• Do CB, Mahabhashyam MS, Brudno M, Batzoglou S. ProbCons: Probabilistic consistency-based multiple sequence alignment. Genome Research. 2005;15:330–340. doi: 10.1101/gr.2821705. [PMC free article] [PubMed] [Cross Ref]
  • Gardner PP, Wilm A, Washietl S. A benchmark of multiple sequence alignment programs upon structural RNAs. Nucleic Acids Res. 2005;33:2433–2439. doi: 10.1093/nar/gki541. [PMC free article] [PubMed] [Cross Ref]
  • Wilm A, Mainz I, Steger G. An enhanced RNA alignment benchmark for sequence alignment programs. Algorithms Mol Biol. 2006;2:19. doi: 10.1186/1748-7188-1-19. [PMC free article] [PubMed] [Cross Ref]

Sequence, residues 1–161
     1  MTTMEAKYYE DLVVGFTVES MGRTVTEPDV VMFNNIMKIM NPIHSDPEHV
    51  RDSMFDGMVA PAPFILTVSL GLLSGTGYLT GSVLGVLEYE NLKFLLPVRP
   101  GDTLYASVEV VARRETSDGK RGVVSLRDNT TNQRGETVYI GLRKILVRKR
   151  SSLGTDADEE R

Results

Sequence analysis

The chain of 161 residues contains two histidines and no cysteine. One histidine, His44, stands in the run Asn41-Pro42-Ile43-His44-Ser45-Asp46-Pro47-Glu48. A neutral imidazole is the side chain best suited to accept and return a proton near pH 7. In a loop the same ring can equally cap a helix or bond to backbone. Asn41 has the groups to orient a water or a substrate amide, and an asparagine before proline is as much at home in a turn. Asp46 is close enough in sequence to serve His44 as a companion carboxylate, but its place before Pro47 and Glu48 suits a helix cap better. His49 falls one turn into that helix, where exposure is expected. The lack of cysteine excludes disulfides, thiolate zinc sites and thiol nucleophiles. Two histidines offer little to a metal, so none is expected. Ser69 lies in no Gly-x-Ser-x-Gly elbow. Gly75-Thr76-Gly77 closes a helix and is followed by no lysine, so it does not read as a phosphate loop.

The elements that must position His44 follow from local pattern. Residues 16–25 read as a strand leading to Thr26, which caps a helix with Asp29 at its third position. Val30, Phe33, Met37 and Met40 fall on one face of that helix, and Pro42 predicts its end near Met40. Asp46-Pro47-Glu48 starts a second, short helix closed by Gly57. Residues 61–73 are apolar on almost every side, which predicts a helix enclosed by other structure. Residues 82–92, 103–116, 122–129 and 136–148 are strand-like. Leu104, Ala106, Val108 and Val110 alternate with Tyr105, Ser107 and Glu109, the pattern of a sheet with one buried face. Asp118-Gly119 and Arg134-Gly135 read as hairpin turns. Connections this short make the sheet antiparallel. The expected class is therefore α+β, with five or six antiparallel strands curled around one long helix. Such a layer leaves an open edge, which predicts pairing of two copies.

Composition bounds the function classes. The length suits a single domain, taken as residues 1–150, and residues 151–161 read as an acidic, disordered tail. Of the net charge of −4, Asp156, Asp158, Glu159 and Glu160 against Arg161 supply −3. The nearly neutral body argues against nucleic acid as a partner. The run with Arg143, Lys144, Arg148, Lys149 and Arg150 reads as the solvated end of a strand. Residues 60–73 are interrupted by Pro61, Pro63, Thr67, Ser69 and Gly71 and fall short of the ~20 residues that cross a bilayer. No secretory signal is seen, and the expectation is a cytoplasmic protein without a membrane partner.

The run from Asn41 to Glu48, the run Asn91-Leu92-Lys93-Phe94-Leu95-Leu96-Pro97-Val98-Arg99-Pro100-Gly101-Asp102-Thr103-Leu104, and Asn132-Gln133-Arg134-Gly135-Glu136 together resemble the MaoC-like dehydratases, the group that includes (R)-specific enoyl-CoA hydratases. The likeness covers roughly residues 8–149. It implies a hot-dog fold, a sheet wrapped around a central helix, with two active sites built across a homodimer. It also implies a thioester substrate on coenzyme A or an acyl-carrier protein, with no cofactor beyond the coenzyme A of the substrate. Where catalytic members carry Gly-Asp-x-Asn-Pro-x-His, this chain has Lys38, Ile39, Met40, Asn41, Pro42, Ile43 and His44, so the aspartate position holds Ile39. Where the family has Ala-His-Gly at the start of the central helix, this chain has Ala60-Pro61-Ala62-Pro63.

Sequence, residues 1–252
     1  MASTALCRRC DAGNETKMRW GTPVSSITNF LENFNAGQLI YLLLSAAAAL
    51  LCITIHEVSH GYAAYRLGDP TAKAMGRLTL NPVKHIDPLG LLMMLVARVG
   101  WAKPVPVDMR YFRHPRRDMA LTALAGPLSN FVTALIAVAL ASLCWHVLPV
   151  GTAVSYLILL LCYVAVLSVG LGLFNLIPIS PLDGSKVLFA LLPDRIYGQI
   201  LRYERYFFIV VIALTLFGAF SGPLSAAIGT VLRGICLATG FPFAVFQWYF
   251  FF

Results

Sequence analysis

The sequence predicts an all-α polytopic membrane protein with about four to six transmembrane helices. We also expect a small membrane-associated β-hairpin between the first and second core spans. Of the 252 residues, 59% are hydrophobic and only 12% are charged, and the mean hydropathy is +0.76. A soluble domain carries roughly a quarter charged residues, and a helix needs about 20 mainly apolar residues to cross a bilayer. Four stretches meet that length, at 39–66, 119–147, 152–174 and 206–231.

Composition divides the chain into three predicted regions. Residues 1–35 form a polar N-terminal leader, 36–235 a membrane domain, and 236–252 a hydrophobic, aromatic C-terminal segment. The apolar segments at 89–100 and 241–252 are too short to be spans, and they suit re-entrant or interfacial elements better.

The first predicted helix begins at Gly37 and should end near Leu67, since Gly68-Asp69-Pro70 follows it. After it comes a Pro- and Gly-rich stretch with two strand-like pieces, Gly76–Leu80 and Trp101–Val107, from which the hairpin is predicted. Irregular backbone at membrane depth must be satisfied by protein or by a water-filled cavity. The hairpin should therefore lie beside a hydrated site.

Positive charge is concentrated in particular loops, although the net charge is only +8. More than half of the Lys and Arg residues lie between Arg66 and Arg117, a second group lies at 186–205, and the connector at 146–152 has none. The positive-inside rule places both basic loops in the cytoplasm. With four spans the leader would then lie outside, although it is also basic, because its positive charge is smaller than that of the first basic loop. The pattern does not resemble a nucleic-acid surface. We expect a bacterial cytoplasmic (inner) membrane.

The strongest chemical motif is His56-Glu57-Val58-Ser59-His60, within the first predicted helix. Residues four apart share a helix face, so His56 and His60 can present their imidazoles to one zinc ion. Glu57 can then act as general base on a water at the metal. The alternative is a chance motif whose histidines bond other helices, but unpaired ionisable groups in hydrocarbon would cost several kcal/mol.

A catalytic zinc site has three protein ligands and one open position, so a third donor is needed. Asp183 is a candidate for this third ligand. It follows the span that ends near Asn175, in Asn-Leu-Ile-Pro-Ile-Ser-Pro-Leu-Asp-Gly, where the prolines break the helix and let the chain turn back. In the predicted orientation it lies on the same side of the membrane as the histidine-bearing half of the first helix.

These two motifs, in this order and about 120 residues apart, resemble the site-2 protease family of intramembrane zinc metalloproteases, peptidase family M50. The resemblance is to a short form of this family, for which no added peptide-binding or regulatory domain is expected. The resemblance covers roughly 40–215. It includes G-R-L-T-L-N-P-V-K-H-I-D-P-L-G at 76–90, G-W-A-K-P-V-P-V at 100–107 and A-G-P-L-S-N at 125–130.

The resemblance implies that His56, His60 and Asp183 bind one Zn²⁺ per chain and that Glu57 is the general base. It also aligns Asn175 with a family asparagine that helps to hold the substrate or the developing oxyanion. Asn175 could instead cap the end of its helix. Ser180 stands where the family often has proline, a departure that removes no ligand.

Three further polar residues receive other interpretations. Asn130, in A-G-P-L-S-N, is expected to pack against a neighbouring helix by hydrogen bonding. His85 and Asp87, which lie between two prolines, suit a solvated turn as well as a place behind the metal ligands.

• Thompson JD, Plewniak F, Poch O. A benchmark alignment database for the evaluation of multiple sequence alignment programs. Bioinformatics. 1999;15:87–88. doi: 10.1093/bioinformatics/15.1.87. [PubMed] [Cross Ref]
  • Stoye J, Evers D, Meyer F. Rose: Generating Sequence Families. Bioinformatics. 1998;14:157–163. doi: 10.1093/bioinformatics/14.2.157. [PubMed] [Cross Ref]
  • Wilcoxon F. Individual Comparisons by Ranking Methods. Biometrics. 1945;1:80–83. doi: 10.2307/3001968. [Cross Ref]
  • DIALIGN-TX http://dialign-tx.gobics.de/

Articles from Algorithms for Molecular Biology : AMB are provided here courtesy of BioMed Central

Formats:

Related citations in PubMed

See reviews...See all...

Cited by other articles in PMC

See all...

Links

  • PubMed
    PubMed
    PubMed citations for these articles

Recent Activity

Your browsing activity is empty.

Activity recording is turned off.

Turn recording back on

See more...